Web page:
RALEIGH N.C. (WNCN) – Wednesday, on the two-year anniversary of George Floyd’s death by a Minneapolis police officer, President Joe Biden signed an executive order aimed at reforming federal law enforcement.

While the mandates in Biden’s policing order only apply to federal law enforcement, the administration hopes it has a trickle-down effect to change policies at local agencies.

“It’s a measure of what we can do together to heal the very soul of our nation,” Biden said.

Specific changes made in the order include:

  • establishing a national database for officers fired for misconduct
  • banning chokeholds unless deadly force is needed
  • restricting federal no-knock warrants
  • requiring body cameras for federal officers in certain situations

“This order will help protect our communities and it will help keep members of law enforcement safe on the job,” Vice President Kamala Harris said.

Although the executive order has no hold on state and local law enforcement, it incentivizes local agencies with grant money and through accreditation to make similar changes.

The George Floyd Memorial Center released the following statement in support of the measure:

The signing of the “Executive Order to Advance Effective, Accountable Policing and Strengthen Public Safety” by President Biden is a step in the right direction to begin bridging the gap between law enforcement and communities of color. Such measures are long overdue. The significance of this action, the signing of an Executive Order, taking place on the second anniversary of the death of George Floyd is tremendous. It marks a continuation of the hearing of outcries for change that followed May 25, 2020, backed by action.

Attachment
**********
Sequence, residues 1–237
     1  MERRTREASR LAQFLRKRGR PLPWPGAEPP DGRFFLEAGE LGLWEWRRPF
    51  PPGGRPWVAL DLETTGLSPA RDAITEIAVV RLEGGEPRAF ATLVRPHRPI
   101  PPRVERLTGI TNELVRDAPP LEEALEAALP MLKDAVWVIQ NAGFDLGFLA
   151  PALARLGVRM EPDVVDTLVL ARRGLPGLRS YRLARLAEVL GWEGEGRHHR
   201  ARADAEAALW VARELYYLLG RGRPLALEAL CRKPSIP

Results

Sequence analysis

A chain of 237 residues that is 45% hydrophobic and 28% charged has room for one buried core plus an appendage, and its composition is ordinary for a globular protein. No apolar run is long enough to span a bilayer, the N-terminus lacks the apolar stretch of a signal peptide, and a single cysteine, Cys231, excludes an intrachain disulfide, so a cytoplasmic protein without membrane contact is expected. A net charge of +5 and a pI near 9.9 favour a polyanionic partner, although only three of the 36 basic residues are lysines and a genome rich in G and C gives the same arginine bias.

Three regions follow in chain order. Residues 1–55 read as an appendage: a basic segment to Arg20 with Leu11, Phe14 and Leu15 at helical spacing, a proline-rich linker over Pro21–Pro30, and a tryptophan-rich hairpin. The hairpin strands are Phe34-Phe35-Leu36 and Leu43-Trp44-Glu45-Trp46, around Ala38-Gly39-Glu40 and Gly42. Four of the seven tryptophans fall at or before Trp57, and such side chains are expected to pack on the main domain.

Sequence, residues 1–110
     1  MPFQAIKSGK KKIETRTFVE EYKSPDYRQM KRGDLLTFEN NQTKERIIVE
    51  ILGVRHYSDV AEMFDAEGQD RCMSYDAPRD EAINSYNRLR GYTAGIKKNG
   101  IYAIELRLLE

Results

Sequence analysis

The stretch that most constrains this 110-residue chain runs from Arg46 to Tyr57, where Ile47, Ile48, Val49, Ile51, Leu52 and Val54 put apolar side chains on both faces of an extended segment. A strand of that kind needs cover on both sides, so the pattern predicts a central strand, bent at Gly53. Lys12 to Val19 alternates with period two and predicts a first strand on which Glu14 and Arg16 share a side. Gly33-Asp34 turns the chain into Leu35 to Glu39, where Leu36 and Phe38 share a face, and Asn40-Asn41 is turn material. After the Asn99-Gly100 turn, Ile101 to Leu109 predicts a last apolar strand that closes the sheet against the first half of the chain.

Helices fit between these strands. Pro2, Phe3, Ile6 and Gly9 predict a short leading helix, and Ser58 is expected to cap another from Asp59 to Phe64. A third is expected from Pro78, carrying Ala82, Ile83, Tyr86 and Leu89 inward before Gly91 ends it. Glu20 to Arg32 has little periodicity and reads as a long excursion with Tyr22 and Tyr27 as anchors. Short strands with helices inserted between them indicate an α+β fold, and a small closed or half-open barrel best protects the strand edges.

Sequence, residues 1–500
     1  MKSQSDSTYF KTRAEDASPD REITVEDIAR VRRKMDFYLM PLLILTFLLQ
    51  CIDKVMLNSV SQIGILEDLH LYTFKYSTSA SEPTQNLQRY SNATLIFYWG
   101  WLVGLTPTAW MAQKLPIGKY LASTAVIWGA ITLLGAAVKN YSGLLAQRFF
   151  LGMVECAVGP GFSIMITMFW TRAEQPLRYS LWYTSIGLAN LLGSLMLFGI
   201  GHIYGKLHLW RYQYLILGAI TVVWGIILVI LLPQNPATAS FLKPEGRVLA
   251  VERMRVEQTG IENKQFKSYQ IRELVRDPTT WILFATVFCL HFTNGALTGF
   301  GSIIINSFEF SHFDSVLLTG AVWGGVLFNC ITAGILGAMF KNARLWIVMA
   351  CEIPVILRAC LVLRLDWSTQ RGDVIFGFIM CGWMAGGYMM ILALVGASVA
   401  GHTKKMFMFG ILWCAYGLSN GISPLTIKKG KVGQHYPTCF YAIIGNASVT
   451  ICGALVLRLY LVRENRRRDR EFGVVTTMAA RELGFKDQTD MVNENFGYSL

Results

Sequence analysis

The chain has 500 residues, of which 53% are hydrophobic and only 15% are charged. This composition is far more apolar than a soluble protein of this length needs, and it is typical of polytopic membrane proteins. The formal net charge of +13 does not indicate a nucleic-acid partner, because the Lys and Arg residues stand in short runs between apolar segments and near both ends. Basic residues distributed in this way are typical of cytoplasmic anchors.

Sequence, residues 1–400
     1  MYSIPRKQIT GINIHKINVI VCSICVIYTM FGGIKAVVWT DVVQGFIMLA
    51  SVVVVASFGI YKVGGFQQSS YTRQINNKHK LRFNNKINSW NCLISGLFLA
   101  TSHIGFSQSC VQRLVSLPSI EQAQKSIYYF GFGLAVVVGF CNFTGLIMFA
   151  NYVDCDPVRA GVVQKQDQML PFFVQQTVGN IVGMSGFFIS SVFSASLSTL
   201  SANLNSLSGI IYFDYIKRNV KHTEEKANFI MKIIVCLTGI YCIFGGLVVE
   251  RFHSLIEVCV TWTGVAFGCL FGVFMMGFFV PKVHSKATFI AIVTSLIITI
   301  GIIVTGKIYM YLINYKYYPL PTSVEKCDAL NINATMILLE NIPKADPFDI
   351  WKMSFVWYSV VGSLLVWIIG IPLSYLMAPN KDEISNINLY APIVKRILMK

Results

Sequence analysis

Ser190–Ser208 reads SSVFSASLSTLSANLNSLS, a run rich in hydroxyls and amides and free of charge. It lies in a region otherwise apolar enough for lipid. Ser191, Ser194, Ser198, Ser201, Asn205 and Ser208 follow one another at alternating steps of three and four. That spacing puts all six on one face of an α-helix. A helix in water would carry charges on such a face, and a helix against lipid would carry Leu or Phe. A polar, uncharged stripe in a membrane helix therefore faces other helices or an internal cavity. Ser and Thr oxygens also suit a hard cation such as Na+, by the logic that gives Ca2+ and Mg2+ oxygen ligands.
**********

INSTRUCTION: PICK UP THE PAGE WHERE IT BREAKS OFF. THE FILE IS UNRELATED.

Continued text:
We, the family of George, support this legislation and urge our leaders to continue to fight for measures of transparency and accountability at all levels of law enforcement, from the Department of Justice to the local precincts. We also encourage community leaders to continue their work helping citizens find their voice and their role in this era of transformation.”

Thomas N McLaurin, Executive Director, George Floyd Memorial Center

Meanwhile, John Midgette, the director of governmental affairs for the Southern States Police Benevolent Association, says North Carolina has already begun taking many of the steps outlined in the executive order.

“I think it has some very good things in it, but it has things that have already been done on the local level over the past couple of years,” Midgette said.

Midgette is referencing North Carolina’s Criminal Justice Reform law signed by Governor Cooper last year. It created a statewide database for officer suspensions and removals, as well as early intervention for officer misconduct and use of force.

The Southern States Police Benevolent Association released a statement on the wording of Biden’s order saying in part:

Specifically, the language used in President Biden’s Executive Order on Policing is dangerous and may cause a greater chance for officers to be killed or injured. The order says that deadly force is authorized when no ‘reasonably effective, safe, and feasible alternative appears to exist” and “authorizes deadly force only when necessary,’ which contradicts the U.S. Supreme Court’s determination of reasonableness under the circumstances and places an officer in a failing situation of considering unlimited possibilities in seconds. It allows others not there to determine the number of “feasible” possibilities using “20/20 hindsight” the court warned against. A police officer facing an immediate situation cannot consider all feasible possibilities.

Further, it places a “necessary” standard that does not exist in case law. A police officer may face a situation that makes deadly force seem reasonable based on the known facts. They may find later facts unknown to the officer that may show the force to have been unnecessary. Again, this places another impossible standard on an officer who has seconds to determine if deadly force should be used…”

Brandon C. McGaha, Staff Representative/N.C. Governmental Affairs